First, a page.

PerformanceThe T100 thanks to the inclusion of a zippier eMMC storage is quite responsive and when navigating the operating system and opening apps there is an almost dismissible amount of lag. When using the touchscreen to scroll through web sites the experience is quite smooth and responsive with just a bit of lag when browsing picture and flash heavy pages. Starting up is very quick as well with a mere 8 seconds from when the Asus logo appears to the Windows login screen. The speakers are tinny, lacking bass and some depth but loud enough to ensure adequate sound in a relatively quiet room. The 64GB storage on the review model cuts away to a mere 30 or so gigabytes after you factor in the recovery partitions and Windows installation and while this may seem little it's more than enough for a few apps, movies and music. You also get the micro SD slot which supports cards up to 64GB and these are an affordable option should you require more space. Battery wise the T100 was able to reach over 10 hours at its best but you should obviously expect the battery life to shorten if you play more games or movies as they put an extra strain on the processor. The tablet does get a bit warm when playing games but never too much to be too hot to hold. The touchpad is however the Achilles heel of the T100. It's clunky and sometimes needs a few swipes and clicks to respond. It works fine when in continuous use but once you stop using it and want to again it takes a swipe or two to get it to respond again. It's quite unfortunate that Asus did not fix this flaw before the T100's release because it is definitely the least likeable part of this laptop. Gaming on the T100 is surprisingly good for a budget laptop with an Atom processor, playing GTA Vice City I didn't experience any serious lag and while playing games like Asphalt 7 and 8 I found the T100 was quite capable. It also played high definition movies without issue thanks to its integrated HD graphics processor.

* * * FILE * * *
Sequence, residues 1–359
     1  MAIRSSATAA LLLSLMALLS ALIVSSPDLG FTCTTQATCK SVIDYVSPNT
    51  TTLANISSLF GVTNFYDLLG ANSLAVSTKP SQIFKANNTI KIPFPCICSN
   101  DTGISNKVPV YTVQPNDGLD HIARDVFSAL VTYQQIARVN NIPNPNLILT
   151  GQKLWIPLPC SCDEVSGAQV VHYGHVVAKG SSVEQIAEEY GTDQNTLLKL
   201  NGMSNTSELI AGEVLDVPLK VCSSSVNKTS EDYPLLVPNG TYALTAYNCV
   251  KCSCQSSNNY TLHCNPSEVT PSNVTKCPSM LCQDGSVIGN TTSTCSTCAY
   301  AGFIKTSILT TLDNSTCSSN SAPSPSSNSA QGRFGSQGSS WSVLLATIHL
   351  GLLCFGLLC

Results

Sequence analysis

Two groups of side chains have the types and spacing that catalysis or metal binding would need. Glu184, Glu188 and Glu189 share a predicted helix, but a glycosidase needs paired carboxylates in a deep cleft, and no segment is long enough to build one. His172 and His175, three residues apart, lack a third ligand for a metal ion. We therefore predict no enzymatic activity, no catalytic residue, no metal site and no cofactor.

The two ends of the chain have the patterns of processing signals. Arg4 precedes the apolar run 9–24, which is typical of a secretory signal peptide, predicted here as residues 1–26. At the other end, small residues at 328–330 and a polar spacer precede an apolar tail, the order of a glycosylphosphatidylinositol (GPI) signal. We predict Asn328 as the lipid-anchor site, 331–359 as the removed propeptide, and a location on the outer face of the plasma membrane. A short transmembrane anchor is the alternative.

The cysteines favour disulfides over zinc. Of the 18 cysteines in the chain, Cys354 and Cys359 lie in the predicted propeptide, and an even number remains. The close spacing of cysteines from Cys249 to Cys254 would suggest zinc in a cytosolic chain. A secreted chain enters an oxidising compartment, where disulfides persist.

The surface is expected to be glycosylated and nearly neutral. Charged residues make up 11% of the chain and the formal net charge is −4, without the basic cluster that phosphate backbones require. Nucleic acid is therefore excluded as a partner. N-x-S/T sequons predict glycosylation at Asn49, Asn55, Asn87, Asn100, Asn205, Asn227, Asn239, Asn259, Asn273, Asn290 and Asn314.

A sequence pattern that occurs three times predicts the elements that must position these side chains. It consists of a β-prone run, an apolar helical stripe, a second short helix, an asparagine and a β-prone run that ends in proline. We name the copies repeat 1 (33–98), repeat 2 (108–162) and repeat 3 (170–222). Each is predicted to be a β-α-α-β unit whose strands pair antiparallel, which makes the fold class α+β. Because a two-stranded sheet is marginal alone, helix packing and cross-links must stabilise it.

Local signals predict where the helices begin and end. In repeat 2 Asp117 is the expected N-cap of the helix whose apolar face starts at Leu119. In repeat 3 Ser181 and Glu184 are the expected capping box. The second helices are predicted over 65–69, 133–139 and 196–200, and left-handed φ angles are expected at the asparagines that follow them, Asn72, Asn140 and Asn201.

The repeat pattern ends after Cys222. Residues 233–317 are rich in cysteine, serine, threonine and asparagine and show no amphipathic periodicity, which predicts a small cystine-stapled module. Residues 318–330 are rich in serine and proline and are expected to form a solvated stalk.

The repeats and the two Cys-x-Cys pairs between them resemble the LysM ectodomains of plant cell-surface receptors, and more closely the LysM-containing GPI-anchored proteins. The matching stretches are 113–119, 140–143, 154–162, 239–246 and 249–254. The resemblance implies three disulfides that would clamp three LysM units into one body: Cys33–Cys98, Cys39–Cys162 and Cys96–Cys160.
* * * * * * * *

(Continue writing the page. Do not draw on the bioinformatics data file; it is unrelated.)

My experience however did not go without a few hitches, when inserting headphones sometimes the system would still play sounds from the speakers rather than the headphones. It would require reinserting the jack several times or even restarting to get it to recognize them and disable the speakers. I also had issues with the USB port on the keyboard dock, all the flash drives I tried were recognized except my USB 3.0 Lexar drive which wouldn't work. It works fine on everything else but on the T100. Windows 8.1 is a slight improvement over Windows 8 but it's still a far cry from iOS and Android operating systems in terms of its intuitive touchscreen interface and gestures. The Windows store is also limiting in the variety and quality of apps available as well as the inclusion of free apps. Asphalt 8 for example maybe free on iOS and Android but isn't on Windows, however you do get to try games with limited access to levels and features before you decide to buy.